Jordan v. US West Direct Co., 716 F. Supp. 1366 (D. Colo. 1989)
July 21, 1989
U.S. WEST DIRECT COMPANY, et al., Defendants.
United States District Court, D. Colorado.
*1367 Clifford L. Beem and Stuart D. Mann, Denver, Colo., for plaintiff.
John M. Husband and Judith A. Biggs, Denver, Colo., for defendants.
MEMORANDUM OPINION AND ORDER
CARRIGAN, District Judge.
In this employment discrimination case, the plaintiff has filed an amended complaint in which his First and Second Claims are based exclusively on Title VII, 42 U.S.C. §§ 2000e et seq., while his Third and Fourth Claims are based on Title VII and 42 U.S.C. § 1981. Defendants have filed two motions to dismiss. One motion addresses the Fourth Claim's Title VII basis, and the other motion addresses the Third and Fourth Claims asserted under § 1981. Plaintiffs have responded by opposing the motions. Jurisdiction is based on 42 U.S.C. § 2000e-5, and 28 U.S.C. §§ 1331 and 1343.
In their motion filed May 22, 1989, the defendants contend that the Title VII basis for the Fourth Claim asserting retaliatory demotion cannot survive dismissal because the plaintiff has failed to exhaust his administrative remedies regarding that claim. In response, the plaintiff asserts that he was retaliated against because he spoke out against discrimination and instigated an internal investigation at the defendant U S West, both of which are protected activities. According to the plaintiff, he stated in his "Discrimination Statement" to the Colorado Civil Rights Commission that the internal EEO (Equal Employment Opportunity) investigator intentionally misrepresented the plaintiff and others in her investigation of the plaintiff's discrimination charges.
As emphasized by the defendants, a Title VII claim may not be filed in federal court unless the claim first has been presented to the appropriate administrative agencies. Johnson v. General Electric, 840 F.2d 132, 139 (1st Cir. 1988). However, unexhausted claims may proceed if they sufficiently relate to the claims presented for administrative review, and if they fall within the scope of those claims or arise from the investigation of those claims. Waiters v. Parsons, 729 F.2d 233 (3d Cir. 1984).
On July 7, 1987, the plaintiff filed a discrimination charge with the Colorado Civil Rights Commission ("CCRC") against the defendant U S West. Based on the information contained in the plaintiff's response, I cannot find with assurance that the plaintiff's retaliation claim does not relate to the discrimination charge that he filed with the CCRC. Defendants' motion to dismiss the Fourth Claim for retaliation based on Title VII is denied without prejudice.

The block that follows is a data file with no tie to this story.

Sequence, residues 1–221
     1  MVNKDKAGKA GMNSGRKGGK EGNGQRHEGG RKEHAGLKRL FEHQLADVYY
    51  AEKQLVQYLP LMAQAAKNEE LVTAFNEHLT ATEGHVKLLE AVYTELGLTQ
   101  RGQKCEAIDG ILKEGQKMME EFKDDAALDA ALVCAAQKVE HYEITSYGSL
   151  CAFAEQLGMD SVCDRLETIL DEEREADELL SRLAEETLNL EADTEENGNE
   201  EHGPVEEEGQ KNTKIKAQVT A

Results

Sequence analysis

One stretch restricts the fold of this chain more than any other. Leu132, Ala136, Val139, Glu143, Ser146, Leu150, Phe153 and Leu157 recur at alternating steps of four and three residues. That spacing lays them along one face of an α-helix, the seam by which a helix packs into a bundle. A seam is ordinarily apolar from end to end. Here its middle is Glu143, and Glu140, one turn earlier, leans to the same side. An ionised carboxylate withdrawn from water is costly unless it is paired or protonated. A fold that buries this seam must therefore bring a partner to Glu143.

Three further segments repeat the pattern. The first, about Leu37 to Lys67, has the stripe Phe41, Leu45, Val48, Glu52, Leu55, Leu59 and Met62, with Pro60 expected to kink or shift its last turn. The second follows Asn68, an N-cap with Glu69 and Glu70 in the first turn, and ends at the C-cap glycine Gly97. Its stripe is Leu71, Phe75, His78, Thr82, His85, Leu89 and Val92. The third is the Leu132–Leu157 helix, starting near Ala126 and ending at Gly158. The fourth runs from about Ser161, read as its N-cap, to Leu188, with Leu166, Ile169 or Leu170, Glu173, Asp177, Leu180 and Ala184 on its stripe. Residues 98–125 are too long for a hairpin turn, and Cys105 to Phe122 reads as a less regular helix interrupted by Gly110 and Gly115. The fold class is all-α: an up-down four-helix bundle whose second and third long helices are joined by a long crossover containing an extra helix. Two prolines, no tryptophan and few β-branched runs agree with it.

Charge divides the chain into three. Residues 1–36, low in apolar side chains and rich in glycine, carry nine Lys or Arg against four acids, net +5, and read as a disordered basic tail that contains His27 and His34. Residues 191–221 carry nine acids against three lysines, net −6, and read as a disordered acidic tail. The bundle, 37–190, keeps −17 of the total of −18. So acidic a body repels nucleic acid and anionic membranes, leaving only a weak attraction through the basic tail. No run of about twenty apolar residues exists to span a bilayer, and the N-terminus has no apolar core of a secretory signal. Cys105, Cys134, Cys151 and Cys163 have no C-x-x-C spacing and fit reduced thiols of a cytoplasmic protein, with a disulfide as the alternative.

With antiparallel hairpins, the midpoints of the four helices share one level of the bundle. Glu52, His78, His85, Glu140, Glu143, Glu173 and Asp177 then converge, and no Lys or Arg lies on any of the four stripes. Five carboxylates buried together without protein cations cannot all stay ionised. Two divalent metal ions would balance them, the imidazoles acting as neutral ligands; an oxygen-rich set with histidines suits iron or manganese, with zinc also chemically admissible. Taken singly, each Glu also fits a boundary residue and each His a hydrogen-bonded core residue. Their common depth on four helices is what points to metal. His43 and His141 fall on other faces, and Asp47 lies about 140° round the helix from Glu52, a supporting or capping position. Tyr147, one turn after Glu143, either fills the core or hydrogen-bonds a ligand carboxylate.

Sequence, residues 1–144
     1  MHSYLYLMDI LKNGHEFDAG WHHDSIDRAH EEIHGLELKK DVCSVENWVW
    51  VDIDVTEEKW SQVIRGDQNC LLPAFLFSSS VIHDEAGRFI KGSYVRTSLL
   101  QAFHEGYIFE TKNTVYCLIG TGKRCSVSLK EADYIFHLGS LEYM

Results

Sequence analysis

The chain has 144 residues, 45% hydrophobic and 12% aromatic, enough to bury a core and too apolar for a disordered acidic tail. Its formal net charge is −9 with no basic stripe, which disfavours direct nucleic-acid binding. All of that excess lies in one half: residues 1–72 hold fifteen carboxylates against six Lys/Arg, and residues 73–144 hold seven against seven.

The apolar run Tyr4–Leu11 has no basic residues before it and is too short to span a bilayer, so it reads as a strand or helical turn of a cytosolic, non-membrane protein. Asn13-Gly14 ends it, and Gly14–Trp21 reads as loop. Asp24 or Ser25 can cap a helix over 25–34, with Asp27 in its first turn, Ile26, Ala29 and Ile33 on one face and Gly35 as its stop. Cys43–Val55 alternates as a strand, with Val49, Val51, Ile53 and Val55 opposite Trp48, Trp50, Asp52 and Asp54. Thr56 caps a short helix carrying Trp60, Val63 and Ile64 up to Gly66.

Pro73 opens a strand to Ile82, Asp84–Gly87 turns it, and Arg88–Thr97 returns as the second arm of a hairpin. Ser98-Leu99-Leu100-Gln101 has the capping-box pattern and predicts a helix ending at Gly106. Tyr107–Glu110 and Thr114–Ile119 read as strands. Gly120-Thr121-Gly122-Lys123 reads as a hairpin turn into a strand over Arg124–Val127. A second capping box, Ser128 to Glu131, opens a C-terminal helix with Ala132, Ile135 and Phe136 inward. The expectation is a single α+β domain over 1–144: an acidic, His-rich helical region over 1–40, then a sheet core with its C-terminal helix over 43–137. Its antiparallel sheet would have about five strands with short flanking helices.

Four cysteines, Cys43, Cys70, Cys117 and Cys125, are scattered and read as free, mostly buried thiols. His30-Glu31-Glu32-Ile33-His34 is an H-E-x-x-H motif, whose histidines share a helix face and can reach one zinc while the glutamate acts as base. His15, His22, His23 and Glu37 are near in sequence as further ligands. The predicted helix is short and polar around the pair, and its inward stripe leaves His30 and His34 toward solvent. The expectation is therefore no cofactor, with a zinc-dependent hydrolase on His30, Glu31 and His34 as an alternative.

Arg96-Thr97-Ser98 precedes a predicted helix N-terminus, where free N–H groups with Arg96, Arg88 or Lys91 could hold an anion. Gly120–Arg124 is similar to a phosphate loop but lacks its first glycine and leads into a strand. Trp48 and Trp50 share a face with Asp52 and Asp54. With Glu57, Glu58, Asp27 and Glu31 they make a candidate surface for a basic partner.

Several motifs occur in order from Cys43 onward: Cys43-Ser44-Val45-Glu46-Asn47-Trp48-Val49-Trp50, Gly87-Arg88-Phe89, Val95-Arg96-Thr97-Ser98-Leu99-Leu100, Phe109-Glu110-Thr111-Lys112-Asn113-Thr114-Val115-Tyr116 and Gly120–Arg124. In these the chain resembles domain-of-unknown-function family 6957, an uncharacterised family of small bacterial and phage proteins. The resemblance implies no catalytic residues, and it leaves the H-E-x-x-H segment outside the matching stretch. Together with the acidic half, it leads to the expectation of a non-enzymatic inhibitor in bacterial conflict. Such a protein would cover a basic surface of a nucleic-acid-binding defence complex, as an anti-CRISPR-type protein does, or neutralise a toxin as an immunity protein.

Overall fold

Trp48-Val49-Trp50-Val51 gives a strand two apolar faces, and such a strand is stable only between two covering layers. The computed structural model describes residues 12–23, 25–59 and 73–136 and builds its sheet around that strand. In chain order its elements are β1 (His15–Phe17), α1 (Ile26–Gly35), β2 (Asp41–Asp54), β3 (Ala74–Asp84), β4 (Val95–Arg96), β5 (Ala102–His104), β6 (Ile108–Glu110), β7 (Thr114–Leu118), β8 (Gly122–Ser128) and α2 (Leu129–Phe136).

In their other motion to dismiss, filed June 23, 1989, the defendants contend that the § 1981 aspects of the Third and Fourth Claims should be dismissed based on Patterson v. McLean Credit Union, ___ U.S. ___, 109 S. Ct. 2363, 105 L. Ed. 2d 132 (1989). The Supreme Court there held that "racial harassment relating to the conditions of employment is not actionable under § 1981 because that provision does not apply to conduct which occurs after the formation of a contract and which does not interfere with the right to enforce established contract obligations." Id. at ___, 109 S. Ct. at 2369.
In his Third Claim, the plaintiff alleges that he was demoted to a non-managerial position on February 16, 1987, and that the defendants' actions in this demotion amount to purposeful discrimination. Amended Complaint, paras. 28 and 29. Paragraphs 30 through 34 allege incidents *1368 of workplace harassment against the plaintiff. In his Fourth Claim, the plaintiff asserts several incidents that allegedly amount to retaliation, including the alleged wrongful demotion mentioned in the Third Claim.
In Patterson, the Supreme Court determined that § 1981, by its plain terms, protects the right "to make contracts" and "to enforce contracts." In discussing the meaning of these rights, the Supreme Court stated:
"... The first of these protections extends only to the formation of a contract, but not to problems that may arise later from the conditions of continuing employment. The statute prohibits, when based on race, the refusal to enter into a contract with someone, as well as the offer to make a contract only on discriminatory terms. But the right to make contracts does not extend, as a matter of either logic or semantics, to conduct by the employer after the contract relation has been established, including breach of the terms of the contract or imposition of discriminatory working conditions. Such postformation conduct does not involve the right to make a contract, but rather implicates the performance of established contract obligations and the conditions of continuing employment, matters more naturally governed by state contract law and Title VII...."